"Father Gerard further states that, "Besides others of less standing whom she (fn. 3) brought me to be reconciled, she had nearly won over a certain great lady, (fn. 4) a neighbour of hers. Tho' this lady was the wife of the richest lord in the whole county & sister to the Earl of Essex (then most powerful with the Queen) and was wholly given to vanities, nevertheless she brought her so far as to be quite willing to speak with a priest if only he could come to her without being known."[6]
"Mountjoy Blount, Earl of Newport, was the eldest of three illegitimate sons of Charles Blount, Earl of Devonshire, and Penelope, daughter of Walter Devereux, Earl of Essex. He was created Earl of Newport, Isle of Wight, in 1628, and Master General of Ordnance in 1634, a post which he was obliged to resign at the Restoration." [7]

Unto A Lady, by Mildmay Fane, 2nd Earl of Westmorland


  1. 1.00 1.01 1.02 1.03 1.04 1.05 1.06 1.07 1.08 1.09 1.10 1.11 1.12 1.13 1.14 1.15 1.16 1.17 1.18 1.19 1.20 Alison Wall, ”Rich [née Devereux], Penelope, Lady Rich (1563–1607)” in “Oxford Dictionary of National Biography”, 30 May 2013, (accessible to members of subscribing libraries)
  2. 2.0 2.1 2.2 2.3 2.4 2.5 2.6 2.7 “Warwick” in “The Complete Peerage”, 2nd edition, Vol. XII Part II, pages 405-406 family search.
  3. ”RICH, Robert (c.1560-1619), of Rochford Hall and Leighs Priory, Essex” in ”The History of Parliament”
  5. E A Webb. "The parish: Descendants of Rich and the advowson," in The Records of St. Bartholomew's Priory and St. Bartholomew the Great, West Smithfield: Volume 2, (Oxford: Oxford University Press, 1921), 292-296. British History Online, accessed March 24, 2016, [1]
  6. Ernest A Mann. "Brooke House: Descriptive account," in Survey of London Monograph 5, Brooke House, Hackney, (London: Guild & School of Handicraft, 1904), 26-39. British History Online, accessed March 24, 2016, [2]
  7. "Newport Market Area: Newport Estate," in Survey of London: Volumes 33 and 34, St Anne Soho, ed. F H W Sheppard (London: London County Council, 1966), 360-379. British History Online, accessed March 24, 2016, [3]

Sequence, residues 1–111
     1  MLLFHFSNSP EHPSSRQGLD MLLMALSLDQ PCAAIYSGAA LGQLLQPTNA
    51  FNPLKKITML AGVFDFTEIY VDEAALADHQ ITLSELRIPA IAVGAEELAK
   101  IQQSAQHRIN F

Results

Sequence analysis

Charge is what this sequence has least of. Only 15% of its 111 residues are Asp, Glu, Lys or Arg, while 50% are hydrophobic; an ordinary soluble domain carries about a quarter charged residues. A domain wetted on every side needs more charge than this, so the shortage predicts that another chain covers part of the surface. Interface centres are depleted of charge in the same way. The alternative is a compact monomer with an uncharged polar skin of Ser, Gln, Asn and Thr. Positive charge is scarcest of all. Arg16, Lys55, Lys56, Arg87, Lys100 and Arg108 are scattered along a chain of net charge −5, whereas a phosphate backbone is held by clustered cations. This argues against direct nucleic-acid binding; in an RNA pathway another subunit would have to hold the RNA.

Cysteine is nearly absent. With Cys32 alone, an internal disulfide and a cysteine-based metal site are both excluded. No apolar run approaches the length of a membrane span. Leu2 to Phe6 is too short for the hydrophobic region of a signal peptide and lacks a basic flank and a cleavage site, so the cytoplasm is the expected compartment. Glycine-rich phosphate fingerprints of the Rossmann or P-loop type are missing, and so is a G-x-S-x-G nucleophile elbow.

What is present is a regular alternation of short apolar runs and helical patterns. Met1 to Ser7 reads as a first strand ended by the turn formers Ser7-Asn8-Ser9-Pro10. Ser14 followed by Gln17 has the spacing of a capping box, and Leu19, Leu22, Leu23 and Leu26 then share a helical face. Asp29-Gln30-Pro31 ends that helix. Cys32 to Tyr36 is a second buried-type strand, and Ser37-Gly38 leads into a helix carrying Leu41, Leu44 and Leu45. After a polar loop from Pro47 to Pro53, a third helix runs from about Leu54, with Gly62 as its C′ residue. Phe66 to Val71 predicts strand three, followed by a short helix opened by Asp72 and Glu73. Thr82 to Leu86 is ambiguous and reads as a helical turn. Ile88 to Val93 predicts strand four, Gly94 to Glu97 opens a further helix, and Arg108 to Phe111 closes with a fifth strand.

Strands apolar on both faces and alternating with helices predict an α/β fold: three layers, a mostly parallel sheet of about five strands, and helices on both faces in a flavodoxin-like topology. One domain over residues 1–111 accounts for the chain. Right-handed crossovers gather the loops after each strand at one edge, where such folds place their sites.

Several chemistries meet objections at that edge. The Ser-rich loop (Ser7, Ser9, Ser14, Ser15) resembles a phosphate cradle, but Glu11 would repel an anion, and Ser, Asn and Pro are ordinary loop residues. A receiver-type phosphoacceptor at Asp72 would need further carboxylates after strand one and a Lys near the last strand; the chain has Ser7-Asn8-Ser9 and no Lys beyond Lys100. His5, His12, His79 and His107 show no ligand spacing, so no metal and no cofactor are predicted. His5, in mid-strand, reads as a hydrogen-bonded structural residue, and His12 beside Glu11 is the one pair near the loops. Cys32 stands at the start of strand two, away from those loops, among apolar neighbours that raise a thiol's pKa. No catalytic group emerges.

See also

  • Encyclopædia Britannica Online, s. v. "Lady Penelope Rich", accessed March 24, 2016, [4]
  • Penelope, Lady Riche, to the Earl of Southampton. Penelope, Lady Rich, to Sir Robert Cecil. "Cecil Papers: May 1603, 1-15," in Calendar of the Cecil Papers in Hatfield House, Volume 15, 1603, ed. M S Giuseppi (London: His Majesty's Stationery Office, 1930), 70-91. British History Online, accessed March 24, 2016, [5]
  • "The Lady Penelope: The Lost Tale of Love and Politics in the Court of Elizabeth I", by Sally Varlow [6]
  • John Ford's Political Theatre, pg 13 [7]
  • Sir Philip Sidney: 1586 and the Creation of a Legend, pg 182 [8]
  • Penelope Devereux as Sidney's Stella [9]
  • Penelope Rich and her circle [10]
  • Dictionary of National Biography, 1885-1900, Volume 48 [11]
  • The History of Parliament: the House of Commons 1558-1603, ed. P.W. Hasler, 1981 [12]
  • Shakespeare's Dark Lady [13]
  • Masquers and Tilters [14]
  • A Spaniard in Elizabethan England: The Correspondence of Antonio Pérez's Exile, Volume 1, pg 141 [15]
  • Spartacus Educational: Lettice Knollys [16]
  • Tudor of the month: Penelope ‘Lady Rich‘ Devereux [17]

More Genealogy Tools

Sponsored Search

Is Penelope your ancestor? Please don't go away!
 star icon Login to collaborate or comment, or
 star icon contact private message private message private message a profile manager, or
 star icon ask our community of genealogists a question.
Sponsored Search by

No known carriers of Penelope's DNA have taken a DNA test.

Have you taken a DNA test? If so, login to add it. If not, see our friends at Ancestry DNA.

Sponsored by Ancestry ®

Family History Search.


Enter a grandparent's name. Just one grandparent can lead you to many discoveries.

Comments: 9

Leave a message for others who see this profile.
There are no comments yet.
Login to post a comment.
Devereux-686 and Devereux-4 appear to represent the same person because: Clear duplicates
posted by Laura DeSpain
Devereux-684 and Devereux-4 appear to represent the same person because: Another duplicate profile of Penelope (Devereux) Rich - her husband is also duplicated
posted by Jo Fitz-Henry
Devereux-683 and Devereux-4 appear to represent the same person because: Duplicate profiles of Penelope (Devereux) Rich
posted by Jo Fitz-Henry
Devereux-684 and Devereux-683 do not represent the same person because: These are both duplicates of Devereux-4 and should be merged independently into that profile.
posted on Devereux-683 (merged) by Jo Fitz-Henry
Devereux-684 and Devereux-683 appear to represent the same person because: their details are identical
posted on Devereux-683 (merged) by John Elkin
Devereux-446 and Devereux-4 appear to represent the same person because: Clear duplicate
posted by Chris Hoult
Please see the Magna Carta project's profile page & Base Camp for information about the review process for Magna Carta trails.


posted by Liz (Noland) Shifflett
Devereaux-166 and Devereux-4 appear to represent the same person because: I believe these two represent the same person. Spelling of Devereaux versus Devereux is only difference I see. I am more familiar with the Devereaux spelling but believe these two records represent the same person.
posted by Hope Tillman
I notice her daughter Penelope Rich is missing, Penelope Rich was the first wife for
posted by Robin Lee

D  >  Devereux  |  B  >  Blount  >  Penelope (Devereux) Blount